A Grand-Slam Experience for Two Local Teen Aces
Jet lag's not a problem when you're flying on pure adrenaline. Teenage tennis champs Elizabeth and Sarah Means will land at London's Heathrow Airport this morning and head directly to Wimbledon for their first look at the famed grass-court tournament. The two sisters aren't ready to compete on Centre Court -- but have front-row seats to watch their heroine, defending champ Venus Williams, play her first match.
"I can hardly talk, we're so excited," mom Roslyn told us as they headed for the airport yesterday.
All four Means sisters -- Rachel, 18, Olivia, 17, Sarah, 14, and Elizabeth, 13 -- have been playing tennis for years, but it's the two youngest who have caught the public eye and been dubbed the next Venus and Serena Williams. The girls honed their skills at the Southeast Tennis and Learning Center in Ward 8, where they came under the wing of founder Cora Masters Barry. "They're some of the best kids -- solid, wonderful kids," says Barry, who introduced them to the Williams sisters and other tennis greats.
It was former mayor Tony Williams who gave them the trip to England. Williams and his wife, Diane, were with Barry when she was inducted into the Mid-Atlantic Tennis & Education Foundation Hall of Fame in February, and during the live auction, they bid on, and won, a $5,000 trip to Wimbledon. Williams donated the trip so Elizabeth Means, his doubles partner at charity events for three years, could experience the thrill of being at the tournament in person. The gift, Williams said yesterday, is "a tribute to what dedication, character, discipline and teamwork can do." Since the auction package was for two people, he also donated additional funds so all the Meanses (including dad Joe) could make the five-day trip.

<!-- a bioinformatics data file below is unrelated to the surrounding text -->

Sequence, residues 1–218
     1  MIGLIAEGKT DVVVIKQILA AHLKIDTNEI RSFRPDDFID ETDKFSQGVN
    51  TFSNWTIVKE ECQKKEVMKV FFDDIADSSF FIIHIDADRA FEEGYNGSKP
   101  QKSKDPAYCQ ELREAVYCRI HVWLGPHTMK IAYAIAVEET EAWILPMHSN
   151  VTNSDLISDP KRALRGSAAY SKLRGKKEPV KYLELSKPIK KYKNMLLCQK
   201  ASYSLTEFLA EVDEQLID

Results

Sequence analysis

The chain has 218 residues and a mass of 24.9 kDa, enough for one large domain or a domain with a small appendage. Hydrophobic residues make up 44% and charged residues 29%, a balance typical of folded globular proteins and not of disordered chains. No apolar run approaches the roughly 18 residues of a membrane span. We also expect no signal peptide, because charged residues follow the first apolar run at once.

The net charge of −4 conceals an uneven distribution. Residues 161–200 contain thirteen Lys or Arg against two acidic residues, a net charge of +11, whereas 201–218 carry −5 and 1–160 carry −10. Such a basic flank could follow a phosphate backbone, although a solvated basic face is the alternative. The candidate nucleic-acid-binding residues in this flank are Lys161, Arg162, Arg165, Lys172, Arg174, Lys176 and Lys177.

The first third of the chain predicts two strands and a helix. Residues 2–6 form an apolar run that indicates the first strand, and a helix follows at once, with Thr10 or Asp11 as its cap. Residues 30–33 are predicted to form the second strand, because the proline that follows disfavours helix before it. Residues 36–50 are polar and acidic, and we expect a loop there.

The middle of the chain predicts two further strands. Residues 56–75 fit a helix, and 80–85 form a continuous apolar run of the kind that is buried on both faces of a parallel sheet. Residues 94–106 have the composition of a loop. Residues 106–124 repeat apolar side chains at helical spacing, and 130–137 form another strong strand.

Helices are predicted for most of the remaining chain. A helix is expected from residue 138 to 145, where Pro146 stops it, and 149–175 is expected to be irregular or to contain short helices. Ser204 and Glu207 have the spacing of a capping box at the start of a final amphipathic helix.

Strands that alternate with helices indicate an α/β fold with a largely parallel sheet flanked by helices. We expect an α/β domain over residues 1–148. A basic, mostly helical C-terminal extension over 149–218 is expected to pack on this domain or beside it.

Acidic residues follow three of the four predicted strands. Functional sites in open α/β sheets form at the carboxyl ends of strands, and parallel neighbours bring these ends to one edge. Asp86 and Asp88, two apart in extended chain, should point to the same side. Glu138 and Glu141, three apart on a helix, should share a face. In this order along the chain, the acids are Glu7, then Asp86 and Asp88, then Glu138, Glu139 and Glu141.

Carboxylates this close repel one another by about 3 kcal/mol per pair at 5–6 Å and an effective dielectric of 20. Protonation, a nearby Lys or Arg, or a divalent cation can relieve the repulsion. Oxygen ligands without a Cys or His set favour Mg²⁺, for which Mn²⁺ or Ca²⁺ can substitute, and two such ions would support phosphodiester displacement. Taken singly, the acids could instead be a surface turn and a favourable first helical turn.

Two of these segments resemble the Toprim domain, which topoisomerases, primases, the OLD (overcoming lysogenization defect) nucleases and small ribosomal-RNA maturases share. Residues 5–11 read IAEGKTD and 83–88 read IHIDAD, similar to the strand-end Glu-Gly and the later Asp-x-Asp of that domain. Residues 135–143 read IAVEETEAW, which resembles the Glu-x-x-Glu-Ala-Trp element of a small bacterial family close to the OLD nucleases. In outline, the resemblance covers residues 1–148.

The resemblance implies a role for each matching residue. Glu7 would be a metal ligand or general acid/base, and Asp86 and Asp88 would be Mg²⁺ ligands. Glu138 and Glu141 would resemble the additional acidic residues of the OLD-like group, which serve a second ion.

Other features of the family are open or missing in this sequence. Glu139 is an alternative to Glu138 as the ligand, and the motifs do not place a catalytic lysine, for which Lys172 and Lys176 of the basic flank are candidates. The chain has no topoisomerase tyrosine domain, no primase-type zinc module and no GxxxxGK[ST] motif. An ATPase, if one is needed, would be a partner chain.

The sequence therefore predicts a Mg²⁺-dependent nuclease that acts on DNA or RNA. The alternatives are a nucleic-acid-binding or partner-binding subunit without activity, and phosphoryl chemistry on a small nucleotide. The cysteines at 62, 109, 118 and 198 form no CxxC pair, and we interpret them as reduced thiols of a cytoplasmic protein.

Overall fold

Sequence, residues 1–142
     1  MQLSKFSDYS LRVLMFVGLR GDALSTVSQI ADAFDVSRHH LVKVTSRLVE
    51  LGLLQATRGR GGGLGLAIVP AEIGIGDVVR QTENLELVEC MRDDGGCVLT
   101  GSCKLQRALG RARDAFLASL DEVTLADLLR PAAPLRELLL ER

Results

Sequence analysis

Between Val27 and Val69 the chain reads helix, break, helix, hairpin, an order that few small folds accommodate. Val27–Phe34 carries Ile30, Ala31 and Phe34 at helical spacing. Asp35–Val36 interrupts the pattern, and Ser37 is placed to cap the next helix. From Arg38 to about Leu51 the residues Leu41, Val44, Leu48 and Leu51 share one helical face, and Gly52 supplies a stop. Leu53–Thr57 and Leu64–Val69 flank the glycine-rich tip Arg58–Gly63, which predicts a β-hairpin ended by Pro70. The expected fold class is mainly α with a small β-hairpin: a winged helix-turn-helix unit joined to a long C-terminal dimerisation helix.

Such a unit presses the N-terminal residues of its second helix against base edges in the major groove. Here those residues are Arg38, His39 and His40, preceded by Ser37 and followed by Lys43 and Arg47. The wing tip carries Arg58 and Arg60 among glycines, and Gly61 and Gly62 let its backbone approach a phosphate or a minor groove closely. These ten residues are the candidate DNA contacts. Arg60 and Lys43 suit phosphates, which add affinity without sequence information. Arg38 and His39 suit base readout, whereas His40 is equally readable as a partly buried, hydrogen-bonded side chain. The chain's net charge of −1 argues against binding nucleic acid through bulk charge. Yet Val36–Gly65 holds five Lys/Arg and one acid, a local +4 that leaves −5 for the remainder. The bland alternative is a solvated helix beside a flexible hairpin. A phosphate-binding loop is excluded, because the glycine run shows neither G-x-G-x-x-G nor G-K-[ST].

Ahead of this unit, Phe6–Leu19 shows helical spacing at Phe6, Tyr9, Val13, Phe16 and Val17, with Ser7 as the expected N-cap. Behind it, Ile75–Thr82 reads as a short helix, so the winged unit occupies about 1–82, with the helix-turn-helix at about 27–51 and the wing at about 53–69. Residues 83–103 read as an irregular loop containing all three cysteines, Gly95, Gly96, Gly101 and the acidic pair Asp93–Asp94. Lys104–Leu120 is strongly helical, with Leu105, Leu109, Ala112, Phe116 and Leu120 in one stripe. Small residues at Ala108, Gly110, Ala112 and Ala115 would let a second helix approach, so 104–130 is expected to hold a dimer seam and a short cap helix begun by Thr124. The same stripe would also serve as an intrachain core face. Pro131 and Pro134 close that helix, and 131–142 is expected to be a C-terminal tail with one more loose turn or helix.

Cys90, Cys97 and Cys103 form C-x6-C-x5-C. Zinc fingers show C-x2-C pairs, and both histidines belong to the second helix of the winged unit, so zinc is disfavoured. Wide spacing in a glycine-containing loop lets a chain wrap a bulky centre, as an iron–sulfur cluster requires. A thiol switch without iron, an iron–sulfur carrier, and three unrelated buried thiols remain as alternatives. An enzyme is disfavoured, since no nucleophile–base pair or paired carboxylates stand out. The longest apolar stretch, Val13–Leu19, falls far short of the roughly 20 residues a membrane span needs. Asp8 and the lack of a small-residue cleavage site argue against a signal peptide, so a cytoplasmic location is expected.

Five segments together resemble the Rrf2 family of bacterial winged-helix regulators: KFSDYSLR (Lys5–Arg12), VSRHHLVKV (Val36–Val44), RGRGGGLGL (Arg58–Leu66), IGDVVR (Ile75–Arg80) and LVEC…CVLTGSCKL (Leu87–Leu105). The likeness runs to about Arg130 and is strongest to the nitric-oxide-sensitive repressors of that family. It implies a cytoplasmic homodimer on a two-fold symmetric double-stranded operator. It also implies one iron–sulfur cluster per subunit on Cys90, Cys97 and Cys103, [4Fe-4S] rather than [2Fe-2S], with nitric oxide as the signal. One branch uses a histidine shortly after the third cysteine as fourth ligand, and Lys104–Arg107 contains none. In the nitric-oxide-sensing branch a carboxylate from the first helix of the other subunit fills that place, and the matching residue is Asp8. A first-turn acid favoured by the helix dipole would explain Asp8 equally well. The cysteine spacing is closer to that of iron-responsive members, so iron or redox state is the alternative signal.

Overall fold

The itinerary includes tickets for a third-round tournament match, a London city tour and games at a local tennis club. When Venus Williams heard the family was coming, she arranged for courtside seats at today's match against 197th-ranked Naomi Cavaday. "Awesome," Roslyn said. "We feel blessed."
Expecting: Mayor Adrian M. Fenty and his wife, Michelle. "Baby Fenty," the D.C. mayor's office announced yesterday, is due in late fall and will join the family's 8-year-old twin boys, Andrew and Matthew. Michelle Fenty "says she is feeling great and is looking forward to meeting the newest addition to the family," according to a statement from the proud papa's office.
HEY, ISN'T THAT . . . ?
· Luke Russert rockin' out at the Pearl Jam show Sunday, just off to the right side of the stage behind the soundboard folks. Tim's son, who was seen during the first half of the show in a section of mostly comped-ticket seats at Verizon Center (pale green button-down with rolled sleeves, jeans, yellow wristband), later got to move up to the stage with a blond female friend in a black dress, both happily singing along.
· Chris Noth in the security line at Dulles Saturday afternoon, looking handsome and impatient in a short-sleeved blue plaid shirt, close-cropped hair. Mr. Big of "Sex and the City" fame had been in Baltimore filming "My One and Only" with Ren é e Zellweger.
For those who lost track of The Amy Winehouse Problem after all the hospital trips for "exhaustion," the crack-smoking videos, the arrests, the visa problems -- time to tune back in. The British train-wreck chanteuse has early-stage emphysema, says her dad. "Her lungs are all gunked up," Mitch Winehouse told the Sunday Mirror in London. "The doctors have told her if she goes back to smoking drugs, it won't just ruin her voice, it will kill her." (A publicist later said the singer "has early signs of what could lead to emphysema.") The 24-year-old Grammy winner has been hospitalized since collapsing a week ago. The good news, her dad later told BBC Radio: "She's smothered in nicotine patches. She's responding brilliantly to treatment. She's actually flourishing."